Dry matter is seen as the ‘building blocks’ for mango flavour, and by measuring it, we are assessing the maturity of a mango before it ripens.
Dry Matter is the total solids of a mango, or the mass when all the fluids have been removed and it is completely dry. The greater the dry matter, the more ‘building blocks’ the fruit has to develop high sugar and that distinct Australian mango flavour.
The importance of dry matter should not be underestimated. It has an enormous impact on the eating quality of a mango. Dry Matter continues to accumulate as a mango develops to a point of maturity, so fruit harvested before it is mature may not have enough ‘building blocks’ to convert into sugars and that full flavoured mango that the Australian public love.
AMIA Supply Development Manager Boyd Arthur said that this season, the industry focussed on dry matter because it is so important to the taste of a mango. “Dry Matter it contributes to a mangoes flavour, which is what keeps our consumers coming back for more throughout the season. This is why we need to deliver the best tasting mango possible. If we cannot deliver, they will stop buying mangoes,” he said.
This season, AMIA worked with the Northern Territory Department of Primary Industries and Fisheries to provide a dry matter testing services to growers in the Darwin and Katherine regions during their harvest period. This service is now available to mango growers in the Mareeba region through the Queensland Department Agriculture, Fisheries and Forestry and AMIA.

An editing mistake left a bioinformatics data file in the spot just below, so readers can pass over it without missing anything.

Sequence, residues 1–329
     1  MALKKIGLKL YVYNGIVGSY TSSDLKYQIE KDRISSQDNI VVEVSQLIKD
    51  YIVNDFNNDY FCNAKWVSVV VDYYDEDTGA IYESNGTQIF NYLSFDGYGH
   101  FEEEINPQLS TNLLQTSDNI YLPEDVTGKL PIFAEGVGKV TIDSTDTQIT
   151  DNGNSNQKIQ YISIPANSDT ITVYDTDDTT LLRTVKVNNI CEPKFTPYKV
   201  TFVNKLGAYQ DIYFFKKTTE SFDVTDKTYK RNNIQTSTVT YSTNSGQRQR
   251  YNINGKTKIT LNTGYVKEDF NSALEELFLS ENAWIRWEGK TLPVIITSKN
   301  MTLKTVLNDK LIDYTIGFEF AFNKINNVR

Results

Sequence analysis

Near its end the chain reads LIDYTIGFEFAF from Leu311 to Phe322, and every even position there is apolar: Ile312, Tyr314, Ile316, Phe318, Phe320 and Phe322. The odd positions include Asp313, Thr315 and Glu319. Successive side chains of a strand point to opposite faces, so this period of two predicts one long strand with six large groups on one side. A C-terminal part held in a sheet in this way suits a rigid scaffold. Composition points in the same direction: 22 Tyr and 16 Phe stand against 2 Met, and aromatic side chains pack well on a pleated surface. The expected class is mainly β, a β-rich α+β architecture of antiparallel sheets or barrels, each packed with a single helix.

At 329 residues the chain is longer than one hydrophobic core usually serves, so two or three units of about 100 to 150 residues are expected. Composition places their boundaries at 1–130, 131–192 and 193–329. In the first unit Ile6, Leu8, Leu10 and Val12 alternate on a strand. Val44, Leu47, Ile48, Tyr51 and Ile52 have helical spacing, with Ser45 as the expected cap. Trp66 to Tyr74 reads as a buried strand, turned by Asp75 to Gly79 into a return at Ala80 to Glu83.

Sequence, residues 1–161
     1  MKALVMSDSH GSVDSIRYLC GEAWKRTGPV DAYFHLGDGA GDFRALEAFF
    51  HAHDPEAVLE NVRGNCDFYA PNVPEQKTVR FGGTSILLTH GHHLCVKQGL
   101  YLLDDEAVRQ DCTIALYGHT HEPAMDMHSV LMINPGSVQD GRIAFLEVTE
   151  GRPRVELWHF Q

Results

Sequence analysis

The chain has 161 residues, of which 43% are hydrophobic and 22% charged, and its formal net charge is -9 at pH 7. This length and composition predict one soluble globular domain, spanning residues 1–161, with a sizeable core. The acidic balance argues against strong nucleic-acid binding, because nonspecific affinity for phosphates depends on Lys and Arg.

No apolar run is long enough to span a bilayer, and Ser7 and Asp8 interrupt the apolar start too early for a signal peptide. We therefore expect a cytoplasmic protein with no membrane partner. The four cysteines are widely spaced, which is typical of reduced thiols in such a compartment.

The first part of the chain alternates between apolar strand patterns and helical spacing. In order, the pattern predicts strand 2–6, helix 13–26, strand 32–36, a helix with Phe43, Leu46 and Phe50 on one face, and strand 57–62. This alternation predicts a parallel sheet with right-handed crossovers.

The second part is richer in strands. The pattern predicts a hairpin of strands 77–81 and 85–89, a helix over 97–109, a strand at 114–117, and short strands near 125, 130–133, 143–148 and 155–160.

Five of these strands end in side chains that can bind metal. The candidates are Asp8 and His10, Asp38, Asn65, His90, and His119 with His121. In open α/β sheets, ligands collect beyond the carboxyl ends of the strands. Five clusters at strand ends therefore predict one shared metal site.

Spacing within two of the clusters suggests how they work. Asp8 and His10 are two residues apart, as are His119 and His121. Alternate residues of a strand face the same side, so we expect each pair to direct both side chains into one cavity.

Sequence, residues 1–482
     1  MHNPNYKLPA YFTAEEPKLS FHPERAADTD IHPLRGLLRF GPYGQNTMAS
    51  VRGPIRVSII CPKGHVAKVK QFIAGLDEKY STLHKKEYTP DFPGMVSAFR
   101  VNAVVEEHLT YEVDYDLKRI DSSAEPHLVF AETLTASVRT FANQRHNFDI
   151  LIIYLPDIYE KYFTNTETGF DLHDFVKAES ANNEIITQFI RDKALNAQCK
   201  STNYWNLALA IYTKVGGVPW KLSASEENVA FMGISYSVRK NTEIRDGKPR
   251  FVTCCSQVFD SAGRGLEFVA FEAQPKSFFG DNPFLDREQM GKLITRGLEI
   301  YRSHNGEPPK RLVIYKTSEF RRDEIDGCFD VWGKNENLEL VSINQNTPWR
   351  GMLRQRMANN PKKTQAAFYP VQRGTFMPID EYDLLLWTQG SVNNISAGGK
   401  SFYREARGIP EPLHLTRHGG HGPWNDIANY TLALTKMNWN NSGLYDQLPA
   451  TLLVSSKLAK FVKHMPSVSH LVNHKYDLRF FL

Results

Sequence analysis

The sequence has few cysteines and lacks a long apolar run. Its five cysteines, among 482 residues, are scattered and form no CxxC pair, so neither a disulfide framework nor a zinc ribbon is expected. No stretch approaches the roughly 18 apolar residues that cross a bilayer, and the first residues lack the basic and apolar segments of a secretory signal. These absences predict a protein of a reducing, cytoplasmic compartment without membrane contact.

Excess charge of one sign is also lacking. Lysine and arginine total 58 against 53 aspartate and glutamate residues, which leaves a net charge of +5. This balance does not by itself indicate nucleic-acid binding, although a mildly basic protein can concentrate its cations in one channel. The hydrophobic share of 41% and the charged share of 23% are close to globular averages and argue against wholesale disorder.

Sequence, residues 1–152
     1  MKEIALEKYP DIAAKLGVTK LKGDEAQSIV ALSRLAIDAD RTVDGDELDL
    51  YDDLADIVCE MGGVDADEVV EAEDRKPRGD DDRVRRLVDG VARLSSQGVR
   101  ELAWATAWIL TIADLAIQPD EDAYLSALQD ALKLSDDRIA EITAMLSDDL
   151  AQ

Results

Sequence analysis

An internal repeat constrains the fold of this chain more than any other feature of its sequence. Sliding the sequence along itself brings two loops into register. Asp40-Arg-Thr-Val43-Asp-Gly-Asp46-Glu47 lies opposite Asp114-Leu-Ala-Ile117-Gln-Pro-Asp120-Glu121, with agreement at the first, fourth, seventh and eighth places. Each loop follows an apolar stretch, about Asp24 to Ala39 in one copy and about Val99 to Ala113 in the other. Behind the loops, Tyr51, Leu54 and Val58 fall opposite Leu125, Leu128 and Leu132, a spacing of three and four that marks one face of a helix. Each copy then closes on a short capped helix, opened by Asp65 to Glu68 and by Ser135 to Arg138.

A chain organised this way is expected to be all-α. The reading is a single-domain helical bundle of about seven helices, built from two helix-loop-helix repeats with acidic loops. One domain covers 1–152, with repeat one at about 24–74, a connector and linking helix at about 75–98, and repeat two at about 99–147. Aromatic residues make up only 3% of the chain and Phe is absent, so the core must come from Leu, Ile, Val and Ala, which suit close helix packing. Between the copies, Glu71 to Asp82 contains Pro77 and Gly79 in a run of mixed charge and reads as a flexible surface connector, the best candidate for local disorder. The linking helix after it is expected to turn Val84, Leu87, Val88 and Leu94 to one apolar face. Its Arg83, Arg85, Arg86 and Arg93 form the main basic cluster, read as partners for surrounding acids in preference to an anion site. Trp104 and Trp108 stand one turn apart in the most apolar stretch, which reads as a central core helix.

To have fruit tested for dry matter, growers are required to select at least 10 pieces of fruit off from the next section of their farm to be harvested. To calculate dry matter, a sample of mango flesh is weighed. It is then placed in a drying oven and left for 12-24 hours at approximately 60°c to removed of all the water and weighed again. The weight of the dry matter that remains can be converted to a percentage of the original wet weight, this is the dry matter percentage (%dm). All results are emailed straight to growers within 48 hours of fruit sampling to direct growers on when, where and how to pick from season to season.